So, about the 2017 World Series…

Photo: Sarah Wexler

It’s been almost 10 days since The Athletic broke the news of the Astros camera-based sign-stealing scandal, and we at Dodgers Digest haven’t really touched on it. It’s understandable, seeing as the 2017 World Series was probably the worst baseball-based pain we’ve ever experienced. I’m going to try to convey some of my thoughts. There’s every chance what follows isn’t going to make you feel any better, so I won’t be mad if you stop reading now. (Thanks for the click!) 

Let me be clear: These are just my thoughts. I don’t speak for the other writers. They are more than welcome to chime in with their own articles.

I don’t want to rehash the whole scandal. I don’t want to bring up painful memories for folks. However, this is an unfortunate side effect of the Astros’ fuckery.

This hurts. This sucks. I’m still not over the 2017 World Series and probably never will be. But this scandal doesn’t change the fact that the Dodgers lost — even if they were at a competitive disadvantage because of the “alleged” (and I even hesitate to put that in quotation marks) sign-stealing using cameras. You’ve seen the Twitter and Reddit threads with video evidence — some of it against the Dodgers in the ’17 World Series — and it’s so painfully obvious what was happening, even if we didn’t notice it at the time.

No punishment the Astros receive will take away the sting of the Dodgers losing the best championship opportunity they’ve had since 1988. Vacating the championship (which is not going to happen) won’t make up for it, either. There is nothing that’s going to take away that sting. In the end, the Dodgers had plenty of opportunities and almost won. But they didn’t, and they didn’t solely lose because of the cheating.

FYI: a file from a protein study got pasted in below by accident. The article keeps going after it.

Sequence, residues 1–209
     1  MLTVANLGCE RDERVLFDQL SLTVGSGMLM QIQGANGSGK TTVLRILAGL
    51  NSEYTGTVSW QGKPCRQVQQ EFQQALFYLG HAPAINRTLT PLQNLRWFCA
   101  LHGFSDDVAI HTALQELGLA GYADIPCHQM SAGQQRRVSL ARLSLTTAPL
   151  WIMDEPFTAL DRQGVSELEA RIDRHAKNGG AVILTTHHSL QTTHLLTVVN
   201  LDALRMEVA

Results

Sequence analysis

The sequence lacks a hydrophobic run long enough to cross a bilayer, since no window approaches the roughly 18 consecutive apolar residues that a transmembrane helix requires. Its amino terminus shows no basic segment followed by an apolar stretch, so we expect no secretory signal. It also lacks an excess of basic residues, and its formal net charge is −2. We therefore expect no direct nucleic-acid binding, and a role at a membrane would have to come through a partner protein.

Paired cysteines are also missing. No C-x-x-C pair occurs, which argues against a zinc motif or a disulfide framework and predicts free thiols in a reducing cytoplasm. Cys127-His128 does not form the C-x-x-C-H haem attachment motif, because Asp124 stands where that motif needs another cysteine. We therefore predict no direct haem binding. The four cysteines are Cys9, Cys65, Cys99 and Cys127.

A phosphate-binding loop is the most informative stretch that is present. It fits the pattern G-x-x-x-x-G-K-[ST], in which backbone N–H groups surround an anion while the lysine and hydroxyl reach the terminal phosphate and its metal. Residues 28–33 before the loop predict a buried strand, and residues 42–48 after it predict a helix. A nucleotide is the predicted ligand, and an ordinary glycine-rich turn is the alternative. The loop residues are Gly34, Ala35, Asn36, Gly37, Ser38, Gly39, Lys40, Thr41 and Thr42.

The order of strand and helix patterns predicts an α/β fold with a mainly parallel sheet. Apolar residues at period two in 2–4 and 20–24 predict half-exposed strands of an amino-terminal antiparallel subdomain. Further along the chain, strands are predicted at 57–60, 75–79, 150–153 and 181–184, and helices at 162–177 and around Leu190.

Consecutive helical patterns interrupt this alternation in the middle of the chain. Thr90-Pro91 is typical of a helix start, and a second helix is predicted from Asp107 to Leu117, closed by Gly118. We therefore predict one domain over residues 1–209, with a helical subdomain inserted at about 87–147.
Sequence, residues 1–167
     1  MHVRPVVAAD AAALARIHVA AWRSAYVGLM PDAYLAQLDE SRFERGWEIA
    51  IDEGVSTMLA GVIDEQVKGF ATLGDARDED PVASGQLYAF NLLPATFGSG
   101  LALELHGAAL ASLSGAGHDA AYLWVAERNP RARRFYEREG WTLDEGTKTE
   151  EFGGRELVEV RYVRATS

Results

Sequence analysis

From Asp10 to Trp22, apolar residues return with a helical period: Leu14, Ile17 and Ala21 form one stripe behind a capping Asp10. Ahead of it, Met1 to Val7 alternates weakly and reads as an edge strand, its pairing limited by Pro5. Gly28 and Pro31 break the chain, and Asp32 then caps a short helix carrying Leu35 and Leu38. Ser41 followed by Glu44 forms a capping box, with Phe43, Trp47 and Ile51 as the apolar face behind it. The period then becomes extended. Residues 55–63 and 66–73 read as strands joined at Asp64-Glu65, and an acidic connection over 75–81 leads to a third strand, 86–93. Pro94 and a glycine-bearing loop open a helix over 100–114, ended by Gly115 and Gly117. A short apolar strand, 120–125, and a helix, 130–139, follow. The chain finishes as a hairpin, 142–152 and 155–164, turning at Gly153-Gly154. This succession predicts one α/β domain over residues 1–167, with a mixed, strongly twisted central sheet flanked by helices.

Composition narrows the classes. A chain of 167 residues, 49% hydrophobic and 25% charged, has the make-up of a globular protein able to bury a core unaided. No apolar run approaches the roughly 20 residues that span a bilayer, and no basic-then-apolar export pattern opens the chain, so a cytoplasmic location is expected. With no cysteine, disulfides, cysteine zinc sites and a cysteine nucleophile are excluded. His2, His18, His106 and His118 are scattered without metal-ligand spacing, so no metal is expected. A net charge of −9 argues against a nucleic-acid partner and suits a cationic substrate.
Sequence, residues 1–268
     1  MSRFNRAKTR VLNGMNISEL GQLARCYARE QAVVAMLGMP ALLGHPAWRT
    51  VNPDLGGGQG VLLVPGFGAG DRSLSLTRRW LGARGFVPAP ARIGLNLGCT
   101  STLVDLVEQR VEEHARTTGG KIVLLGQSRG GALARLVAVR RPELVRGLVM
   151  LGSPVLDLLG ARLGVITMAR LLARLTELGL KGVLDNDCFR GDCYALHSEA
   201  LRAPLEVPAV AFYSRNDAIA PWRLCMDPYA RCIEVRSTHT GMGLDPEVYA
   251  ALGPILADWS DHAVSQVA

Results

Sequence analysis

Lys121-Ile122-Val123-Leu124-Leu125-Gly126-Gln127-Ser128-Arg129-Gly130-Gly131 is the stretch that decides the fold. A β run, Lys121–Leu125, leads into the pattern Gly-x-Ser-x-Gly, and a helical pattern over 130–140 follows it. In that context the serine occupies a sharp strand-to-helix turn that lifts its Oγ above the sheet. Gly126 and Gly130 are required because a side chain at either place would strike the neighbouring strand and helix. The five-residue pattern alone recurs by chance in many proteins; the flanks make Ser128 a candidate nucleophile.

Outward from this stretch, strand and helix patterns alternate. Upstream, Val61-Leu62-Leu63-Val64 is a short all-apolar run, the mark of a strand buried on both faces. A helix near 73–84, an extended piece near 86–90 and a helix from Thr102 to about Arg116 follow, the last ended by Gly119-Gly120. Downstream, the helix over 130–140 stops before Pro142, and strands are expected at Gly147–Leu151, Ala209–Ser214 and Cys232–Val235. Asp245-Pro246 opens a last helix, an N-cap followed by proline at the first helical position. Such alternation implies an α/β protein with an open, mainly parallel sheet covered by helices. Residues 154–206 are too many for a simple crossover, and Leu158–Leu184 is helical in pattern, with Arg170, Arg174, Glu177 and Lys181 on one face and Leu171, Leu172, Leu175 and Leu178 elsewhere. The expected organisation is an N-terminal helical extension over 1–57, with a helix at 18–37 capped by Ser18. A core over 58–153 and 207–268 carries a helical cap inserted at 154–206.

The more important thing to take away from this whole scandal is that MLB gets the punishment right. This simply cannot happen, and shady practices like this probably aren’t limited to Minute Maid Park. But an example has to be made — something that will deter teams from circumventing the rules to gain a competitive advantage. There are, undoubtedly, other teams that have engaged in this kind of behavior or other ethically questionable tactics, so those teams might be in line for severe penalties, depending what happens with MLB’s investigation.

Make no mistake: The Astros profited immensely because of their championship. Eric Stephen, on the most recent episode of his podcast, hypothesized that the Astros probably made $100 million in revenue because of the win. That includes merchandise, future ticket sales and so on. I’m not saying they need to be fined $100 million, but the punishment must fit the crime and set the precedent.

As much as it’d be nice to own some Dodgers 2017 World Series Championship gear, it’d be better if they had won it outright. But tweets like this don’t really help.

It’s not Arash’s fault, honestly. I get it. At the same time, this is just salt in the wound and it upsets me.

We can joke about it on Twitter all we want, but the fact is, the Astros are the 2017 champions. But hey, at least the Dodgers lost without che… yeah, I can’t even finish that.

Much smarter people have written more eloquently about this topic than I have. No amount of schadenfreude is going to make Kenley Jansen not throw middle-middle cutter on 0-2; it’s not going to make Cody Bellinger‘s fly ball go 375 feet as opposed to 368 feet; it’s not going to allow Clayton Kershaw to protect 4- and 3-run leads; it’s not going to make them score more than one run in Game 7. It’s not going to make any of us feel any better — that’s the shitty truth.

About Dustin Nosler

Dustin Nosler
Dustin Nosler began writing about the Dodgers in July 2009 at his blog, Feelin' Kinda Blue. He co-hosts a weekly podcast with Jared Massey called Dugout Blues. He is a contributor/editor at The Hardball Times. He graduated from California State University, Sacramento, with his bachelor’s degree in journalism and a minor in digital media. While at CSUS, he worked for the student-run newspaper The State Hornet for three years, culminating with a 1-year term as editor-in-chief. He resides in Stockton, Calif.